You’d think that, as a writer, I would say, “Words are the solution!” But no. Sometimes—in fact, most of the time—they are the problem.
We have all of these words—all this language—and yet, how many of us actually manage to say what we mean? History is fraught with misunderstandings, he-said-she-said, bogus interpretations, poor phrasing, and flat-out carelessness. Think Shakespeare, think Jane Austen, think Three’s Company.
How many times has the person you’re speaking with heard things you never said? And how many times has adding more words only made a bigger mess?
We communicate via so many channels all of the time. People read body language, pauses between words, eye flickers. We can move and touch each other in ways that communicate infinitely more than twelve pages of writing ever could. Despite the infinite communicative capacity of our bodies, we find ourselves in a world centered on words.
Phones remove faces from conversation; texting goes even further. We have to convey personality with the words and symbols we choose, which often provides an inaccurate reflection of the true emotions at play. We give up very few secrets; whereas, in person, the truth is often easier to detect.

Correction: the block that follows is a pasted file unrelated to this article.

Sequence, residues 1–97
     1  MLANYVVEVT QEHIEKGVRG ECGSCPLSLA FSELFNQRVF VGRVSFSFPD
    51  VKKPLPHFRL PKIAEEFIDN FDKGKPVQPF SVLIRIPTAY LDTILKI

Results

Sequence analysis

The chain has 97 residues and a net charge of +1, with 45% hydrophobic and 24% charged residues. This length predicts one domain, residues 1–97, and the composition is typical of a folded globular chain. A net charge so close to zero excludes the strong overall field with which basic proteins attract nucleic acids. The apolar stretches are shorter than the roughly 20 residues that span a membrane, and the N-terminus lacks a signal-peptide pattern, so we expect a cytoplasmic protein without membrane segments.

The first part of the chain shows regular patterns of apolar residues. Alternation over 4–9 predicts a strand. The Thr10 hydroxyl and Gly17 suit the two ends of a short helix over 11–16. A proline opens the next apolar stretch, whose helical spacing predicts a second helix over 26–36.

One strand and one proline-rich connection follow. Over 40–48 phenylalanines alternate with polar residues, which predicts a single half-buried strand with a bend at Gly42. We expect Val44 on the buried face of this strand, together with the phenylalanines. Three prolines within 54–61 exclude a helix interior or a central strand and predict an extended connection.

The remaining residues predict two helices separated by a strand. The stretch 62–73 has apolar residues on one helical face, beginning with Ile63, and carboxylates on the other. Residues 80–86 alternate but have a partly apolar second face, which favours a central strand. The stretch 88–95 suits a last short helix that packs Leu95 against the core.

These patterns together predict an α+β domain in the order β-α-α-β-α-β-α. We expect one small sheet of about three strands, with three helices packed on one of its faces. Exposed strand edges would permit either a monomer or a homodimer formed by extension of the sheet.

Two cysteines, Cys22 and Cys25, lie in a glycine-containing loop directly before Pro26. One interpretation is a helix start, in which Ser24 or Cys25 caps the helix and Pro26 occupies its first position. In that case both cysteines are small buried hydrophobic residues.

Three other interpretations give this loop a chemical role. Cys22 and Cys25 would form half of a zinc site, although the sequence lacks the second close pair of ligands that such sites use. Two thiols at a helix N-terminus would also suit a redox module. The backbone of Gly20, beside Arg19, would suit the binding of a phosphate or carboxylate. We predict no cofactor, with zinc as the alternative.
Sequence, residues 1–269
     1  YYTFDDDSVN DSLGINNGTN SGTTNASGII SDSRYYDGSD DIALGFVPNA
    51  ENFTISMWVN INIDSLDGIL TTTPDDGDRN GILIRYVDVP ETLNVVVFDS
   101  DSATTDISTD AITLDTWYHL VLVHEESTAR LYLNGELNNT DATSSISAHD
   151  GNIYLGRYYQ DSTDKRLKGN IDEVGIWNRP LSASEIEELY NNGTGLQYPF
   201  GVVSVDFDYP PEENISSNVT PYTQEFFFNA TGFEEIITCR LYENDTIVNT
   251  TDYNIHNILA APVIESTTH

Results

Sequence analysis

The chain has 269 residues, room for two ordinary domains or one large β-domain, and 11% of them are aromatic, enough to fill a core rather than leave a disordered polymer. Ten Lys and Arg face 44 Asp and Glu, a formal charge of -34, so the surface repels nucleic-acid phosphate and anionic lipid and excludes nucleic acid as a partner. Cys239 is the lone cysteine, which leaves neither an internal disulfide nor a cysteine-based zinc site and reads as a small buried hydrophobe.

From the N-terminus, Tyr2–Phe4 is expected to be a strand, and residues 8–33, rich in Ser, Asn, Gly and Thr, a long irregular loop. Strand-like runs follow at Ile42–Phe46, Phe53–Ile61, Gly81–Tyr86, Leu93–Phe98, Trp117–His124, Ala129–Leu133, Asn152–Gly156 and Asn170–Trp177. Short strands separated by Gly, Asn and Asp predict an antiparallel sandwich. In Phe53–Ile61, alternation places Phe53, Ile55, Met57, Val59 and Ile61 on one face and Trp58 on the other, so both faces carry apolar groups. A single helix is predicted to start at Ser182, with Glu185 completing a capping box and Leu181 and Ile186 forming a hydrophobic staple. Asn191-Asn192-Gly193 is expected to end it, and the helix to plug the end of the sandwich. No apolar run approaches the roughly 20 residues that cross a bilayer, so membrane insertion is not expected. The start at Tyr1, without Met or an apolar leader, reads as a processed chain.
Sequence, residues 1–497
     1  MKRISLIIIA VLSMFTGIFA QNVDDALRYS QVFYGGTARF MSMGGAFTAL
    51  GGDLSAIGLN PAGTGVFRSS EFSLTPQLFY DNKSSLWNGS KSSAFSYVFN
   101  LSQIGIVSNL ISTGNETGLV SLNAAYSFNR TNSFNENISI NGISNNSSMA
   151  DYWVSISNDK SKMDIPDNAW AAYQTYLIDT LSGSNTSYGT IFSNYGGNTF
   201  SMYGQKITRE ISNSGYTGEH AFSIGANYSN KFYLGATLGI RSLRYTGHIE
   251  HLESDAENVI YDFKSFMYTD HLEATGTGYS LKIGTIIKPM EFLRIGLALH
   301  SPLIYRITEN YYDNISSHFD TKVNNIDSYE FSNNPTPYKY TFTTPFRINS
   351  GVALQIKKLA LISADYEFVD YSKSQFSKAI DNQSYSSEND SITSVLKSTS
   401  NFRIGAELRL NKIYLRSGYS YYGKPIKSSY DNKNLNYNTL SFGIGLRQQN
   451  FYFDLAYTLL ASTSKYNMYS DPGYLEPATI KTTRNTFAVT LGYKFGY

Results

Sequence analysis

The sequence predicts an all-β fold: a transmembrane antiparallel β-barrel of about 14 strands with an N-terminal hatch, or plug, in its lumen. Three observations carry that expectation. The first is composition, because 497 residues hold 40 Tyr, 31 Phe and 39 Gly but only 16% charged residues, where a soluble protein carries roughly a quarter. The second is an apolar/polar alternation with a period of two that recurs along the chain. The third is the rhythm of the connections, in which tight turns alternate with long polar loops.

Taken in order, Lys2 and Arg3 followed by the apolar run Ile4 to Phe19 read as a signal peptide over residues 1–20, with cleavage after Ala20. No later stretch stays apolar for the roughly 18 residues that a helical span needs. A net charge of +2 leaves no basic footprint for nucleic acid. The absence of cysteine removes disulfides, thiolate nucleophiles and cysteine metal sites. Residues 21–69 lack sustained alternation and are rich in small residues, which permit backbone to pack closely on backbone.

Thank goodness for video on the internet, or else the Web could completely collapse into a tangled scrapheap of words, where real people no longer exist, only language and our fitful attempts to inject tone or personality into the figures we type. The internet is a dangerous place for personal communication.
Regardless of our culture’s ever-growing reliance on virtual communication, I have a difficult enough time expressing myself in person—at least in a way that comes across as intended. Am I a linguistic lummox? I feel so rarely heard and so often like the inflictor of unintentional pain. If I waited until I could think of a perfect way to say something, I’d never say anything. So, unfortunately, what comes out of my mouth often lacks the tact and kindness I envision.
Fie you, words! You always get in the way of what I’m trying to say.
Since I thus far have proved myself unable to bring my on-the-spot speech to the level I desire, I am choosing to cultivate other methods of communication. Although I have greatly improved my ability to say what I mean, it is nowhere near where I would like it. I’ve concluded that verbal communication is something that will only improve with time, growth, and experience. By studying language for years, I’ve topped out on any kind of unnatural progress that could be made.
So if you see me dancing about, gesticulating wildly, touching more people, painting more pictures, making more collages, or using more grunts and squeals than words, you’ll know why. A picture’s worth a thousand words? Well, I’ve heard sighs that say twice as many.